Between planning Meera’s shower menu (I have learned the mimosa ratio of champagne to orange juice from Haynes Thomas Taylor – is to taste, so I will be drinking champers straight up) and Possible-Mate-From-Chicago’s trip, I begin to feel a mini-panic attack mounting.
I am putting enough effort into Possible-Mate-From-Chicago’s trip to where he will have a nice time, but not enough to drive him away with overly-attentive Type A planning, like I do with my friends. My friends find my planning and attention --- sweet, charming, loyal, and reliable. Men, so I have been told, men who you are in various stages of dating, find that level of detail overwhelming and suffocating. So Desi Girl does not do that anymore!
When I stop planning and plotting for a moment, I have a thought – what if this works out. What if Possible-Mate-From-Chicago likes me as much as I like him? Then what? He meets my parents. I meet his. He meets my niece. I meet his. And we begin planning a wedding. Five hundred people come from my side, five hundred people come from his side (we’re Indian and Punjabi and yes 1,000 is an exaggeration, but not by much). Then we live together, happily, like man and wife.
But what about the so many things we have never talked about it. Like, where would we live? Does he expect me to move to Chicago? Is he coming to New York to check it out? Or just see me? Will we ever talk about this? And no offense to Chicago and its suburbs, but I love Minneapolis a little more. If it were not for the bleeping cold weather I’d consider moving back to Minneapolis before Chicago. MSP is a GREAT place for a family.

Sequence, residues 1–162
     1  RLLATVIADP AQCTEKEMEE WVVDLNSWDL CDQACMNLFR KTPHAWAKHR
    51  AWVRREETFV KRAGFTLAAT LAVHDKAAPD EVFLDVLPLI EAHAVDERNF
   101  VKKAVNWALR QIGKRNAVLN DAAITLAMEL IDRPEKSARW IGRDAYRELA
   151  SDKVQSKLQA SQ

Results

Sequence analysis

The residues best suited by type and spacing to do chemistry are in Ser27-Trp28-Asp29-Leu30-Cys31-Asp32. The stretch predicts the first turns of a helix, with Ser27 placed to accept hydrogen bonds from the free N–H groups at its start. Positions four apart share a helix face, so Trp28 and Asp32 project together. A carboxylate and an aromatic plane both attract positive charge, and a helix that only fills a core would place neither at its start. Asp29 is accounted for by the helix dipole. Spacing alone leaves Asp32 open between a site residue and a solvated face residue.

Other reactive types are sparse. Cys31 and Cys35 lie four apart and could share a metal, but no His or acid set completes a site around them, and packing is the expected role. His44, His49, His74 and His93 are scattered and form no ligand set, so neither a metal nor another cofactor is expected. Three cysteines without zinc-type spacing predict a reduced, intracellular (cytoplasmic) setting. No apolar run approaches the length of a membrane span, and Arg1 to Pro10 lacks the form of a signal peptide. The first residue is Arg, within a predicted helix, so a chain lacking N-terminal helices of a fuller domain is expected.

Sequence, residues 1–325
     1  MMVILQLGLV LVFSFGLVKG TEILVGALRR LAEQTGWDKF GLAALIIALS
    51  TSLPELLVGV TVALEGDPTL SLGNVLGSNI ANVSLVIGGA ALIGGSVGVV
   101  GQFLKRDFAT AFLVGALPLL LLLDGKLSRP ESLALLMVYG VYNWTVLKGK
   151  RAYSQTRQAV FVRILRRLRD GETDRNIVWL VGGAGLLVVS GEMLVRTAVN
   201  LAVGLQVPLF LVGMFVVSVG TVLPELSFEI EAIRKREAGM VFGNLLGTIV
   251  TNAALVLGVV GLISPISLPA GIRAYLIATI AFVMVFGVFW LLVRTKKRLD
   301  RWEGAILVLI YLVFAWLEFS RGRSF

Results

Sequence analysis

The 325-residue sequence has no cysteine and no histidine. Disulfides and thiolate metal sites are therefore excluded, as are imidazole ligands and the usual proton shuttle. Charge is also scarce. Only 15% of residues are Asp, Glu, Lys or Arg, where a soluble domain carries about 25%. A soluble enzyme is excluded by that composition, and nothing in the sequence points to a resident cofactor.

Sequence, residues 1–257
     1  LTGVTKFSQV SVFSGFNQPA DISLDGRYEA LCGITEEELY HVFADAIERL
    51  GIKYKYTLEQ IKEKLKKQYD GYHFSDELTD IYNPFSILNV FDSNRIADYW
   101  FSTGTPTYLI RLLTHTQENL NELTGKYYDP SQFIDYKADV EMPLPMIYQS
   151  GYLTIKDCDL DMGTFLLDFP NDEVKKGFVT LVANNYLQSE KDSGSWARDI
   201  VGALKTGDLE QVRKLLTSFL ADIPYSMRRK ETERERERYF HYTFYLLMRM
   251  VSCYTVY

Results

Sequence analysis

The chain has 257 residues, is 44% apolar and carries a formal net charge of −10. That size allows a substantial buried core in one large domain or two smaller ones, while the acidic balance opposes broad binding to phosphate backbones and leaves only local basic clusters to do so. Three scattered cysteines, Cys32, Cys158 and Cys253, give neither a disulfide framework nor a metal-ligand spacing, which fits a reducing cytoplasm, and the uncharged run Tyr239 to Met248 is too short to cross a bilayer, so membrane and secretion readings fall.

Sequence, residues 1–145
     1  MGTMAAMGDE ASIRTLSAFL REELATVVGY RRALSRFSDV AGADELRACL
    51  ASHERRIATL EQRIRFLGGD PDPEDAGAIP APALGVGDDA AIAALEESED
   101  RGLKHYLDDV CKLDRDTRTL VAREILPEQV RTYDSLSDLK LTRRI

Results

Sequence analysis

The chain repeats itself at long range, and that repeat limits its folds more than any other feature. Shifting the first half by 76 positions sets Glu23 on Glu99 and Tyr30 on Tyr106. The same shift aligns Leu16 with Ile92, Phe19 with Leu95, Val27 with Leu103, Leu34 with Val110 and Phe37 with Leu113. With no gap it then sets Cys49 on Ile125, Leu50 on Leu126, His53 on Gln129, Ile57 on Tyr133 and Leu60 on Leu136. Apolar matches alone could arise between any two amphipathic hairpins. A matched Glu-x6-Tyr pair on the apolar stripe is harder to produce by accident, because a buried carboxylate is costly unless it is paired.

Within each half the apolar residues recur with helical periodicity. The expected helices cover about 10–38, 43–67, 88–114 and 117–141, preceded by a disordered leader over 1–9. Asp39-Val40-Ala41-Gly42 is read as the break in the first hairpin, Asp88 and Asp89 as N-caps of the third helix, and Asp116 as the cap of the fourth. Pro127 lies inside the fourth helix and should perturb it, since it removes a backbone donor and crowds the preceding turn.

And I want to be a writer. How will I have time to do that and raise kids? Kids? Do I REALLY want them? Like yes, they are adorable and priceless and I am sure they make life worth living all over again. But I am so Type A, OCD that I fear in 10 years I will be uber-PTA President demanding that Huck Finn be put back on the school library bookshelves. What if I want to travel in 10 years? I am sure grade schoolers don’t want to see the pyramids. And, horror, what if my children don’t like shoes and prefer to … I don’t know … hike. And what about the way, sometimes, I shop a teensy-weensy bit too much? Damn those Ann Taylor mailer coupons.
This is why sometimes I think it is easier to just live in the dark. In the dark my imagination is honest with my anxieties and insecurities. In the dark I can deal with the loneliness that I rail against – but secretly, sometimes, is it true, I find comfort in being alone. I understand what it takes to exist as an island, to be single.
I can buy what I want (shoes, pants, bags). I can eat what I want (coffee for breakfast, Ruffles and vino for dinner). I can drag $50 worth of Target sundries 40 blocks on the train. There is nothing but the solitary fight to survive. Sometimes I don’t think the loneliness scares me as much as the loss of independence. Maybe that is why I fear relationships, falling in love again – it means becoming dependent on someone. I think I have been alone so long that I don’t know how to function in a unit.